In support of the IEEE 929 process, several development projects were completed at Sandia that addressed interconnection issues. The performance of several inverters operating in parallel when a utility line is de-energized was characterized to better understand the potential for unintended operation during a utility outage (“islanding”). A control scheme was developed to assure that islanding doesn’t happen. A test was developed to allow testing of single inverters to identify the presence, or lack, of an adequate anti-islanding scheme. Several specific tests were performed at the request of some electric utilities to examine such issues as ferroresonance with inverters under fault conditions and response of inverter protection schemes to the non-sinusoidal waveforms that are sometimes associated with abnormal conditions on utility systems.

This working group was an outstanding example of people with different backgrounds working together toward a common goal — simplifying the interconnection procedure. IEEE SCC21, which is chaired by Dick DeBlasio of NREL, has sponsored numerous PV-related standards since its inception in the late 1970s.

For further information on this PV interconnection standard
contact John Stevens,
Sandia PV Projects (505) 844-3698 (phone) (505) 844-6541 (fax)

Wind Turbine Co Making Progress


We first reported about WTC’s work in an UFTO Note 12 Dec 1996. The story is the same, except for the tremendous progress they’ve made in less than 3 years — pretty much according to their original plan!

The material below was adapted from the executive summary of their current business plan.

Wind energy is the fastest growing segment of the renewable energy industry and is by far the most economic form of grid-connected renewable electricity. Today, wind generated electricity costs as little as 5¢/kWh, and installed global wind energy capacity has increased by more than 25% annually since 1990. It now exceeds 11,000 MW. In 1998 alone, over 2,000 MW with a value exceeding $2 billion was installed. This figure is expected to increase to $5 billion by 2003.

The Wind Turbine Company (“WTC”) has developed new wind turbine technology that promises to slash 30% or more from the cost of wind generated power compared with today’s wind turbines. WTC did a ground-up, total system-level design of a 2-bladed downwind turbine (i.e. the turbine rotor blades operate downwind of the tower) whose principal advantage lies in its ability to shed excessive wind loads. This is in contrast to conventional upwind machines (i.e. blades upwind of the tower), which must be built sufficiently strong, rigid and consequently heavy, to absorb all foreseeable wind loads and avoid catastrophic blade-tower strikes.

Since the wind pushing on the blades causes them to bend in the direction the wind is blowing, blades oriented downwind of the tower can be made much less rigid than blades upwind of the tower. WTC’s turbine will weigh only 60% as much as a comparably rated 3-blade, upwind turbine. Its lighter weight will permit WTC’s turbine to operate higher above ground (100 meters or more) than is economic for upwind turbines, thus exposing it to higher winds resulting in more energy production. Lower weight and higher energy capture combine to provide a substantial reduction in the cost of wind generated electricity. The design incorporates a “yaw” braking mechanism to dampen the response to sudden changes in wind direction, a feature lacking in earlier downwind designs by Carter and others.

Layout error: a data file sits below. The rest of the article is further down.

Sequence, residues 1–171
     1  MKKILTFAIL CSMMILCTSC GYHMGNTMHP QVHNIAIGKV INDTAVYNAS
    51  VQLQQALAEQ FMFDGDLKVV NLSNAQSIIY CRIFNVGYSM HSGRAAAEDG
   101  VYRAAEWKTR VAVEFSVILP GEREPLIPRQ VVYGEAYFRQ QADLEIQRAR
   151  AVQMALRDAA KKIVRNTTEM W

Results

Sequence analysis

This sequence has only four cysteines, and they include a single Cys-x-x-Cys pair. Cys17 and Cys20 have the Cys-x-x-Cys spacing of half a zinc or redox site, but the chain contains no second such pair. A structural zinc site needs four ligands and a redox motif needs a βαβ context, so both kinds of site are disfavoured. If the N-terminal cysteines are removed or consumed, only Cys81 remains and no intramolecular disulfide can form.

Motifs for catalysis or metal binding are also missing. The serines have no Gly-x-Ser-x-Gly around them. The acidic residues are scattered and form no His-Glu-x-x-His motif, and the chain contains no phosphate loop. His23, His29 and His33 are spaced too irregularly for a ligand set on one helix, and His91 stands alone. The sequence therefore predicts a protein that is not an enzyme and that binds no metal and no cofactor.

Windfarms using the WTC Turbine will be able to will produce power for an unsubsidized price of 3.5¢/kWh or less, including all capital and O&M.

WTC was founded in 1989 and has invested over $6 million in its technology. In 1995, WTC was selected by DOE for a $22 million contract to develop a 250 kW proof-of-concept (“POC”) turbine, followed by two full-scale 1000 kW wind turbines, over a 6-year period. This is the second largest wind energy contract ever awarded by DOE and the largest contract ever awarded by the National Renewable Energy Lab (NREL). The POC turbine should be operational in early 2000. (I have a photo I can send on request – jpeg format).

In 1998, WTC received a $950,000 contract from the California Energy Commission to develop a 500 kW commercial prototype to be developed early in 2000, following completion of initial POC testing. This unit will be operational in mid 2000. Commercial sales of 500 kW units will start in 2001, when WTC also plans to begin development of a 1000 kW commercial prototype.

To overcome market penetration barriers due to developers taking a wait-and-see attitude over concerns about technology and financial risk, WTC will develop and operate its own windfarms. In parallel with its manufacturing operation, WTC will establish project development and operating entities to manage windfarms using WTC’s equipment.

WTC’s initial project development strategy is to focus on the U.S. market where there is ample opportunity and relatively easy and inexpensive accessibility for Company personnel to ensure successful windfarm development and operation. WTC has already begun discussions with potential project participants and sources of financing for two separate projects. WTC is also looking to form partnerships with existing independent power developers to further leverage its project development effort.

WTC is now seeking up to $5 million in additional funding to satisfy match funding requirements under its NREL and CEC contracts, hire additional staff, develop its initial windfarm opportunities, and establish strategic partnerships with potential suppliers and customers. A detailed Business Plan is available upon execution of WTC’s Confidentiality Agreement.

For further information, please contact:

Lawrence W. Miles, President
The Wind Turbine Company, Bellevue, WA 98004

Sanford J. Selman, Managing Director
Energy & Environmental Ventures LLC
Weston, CT 06883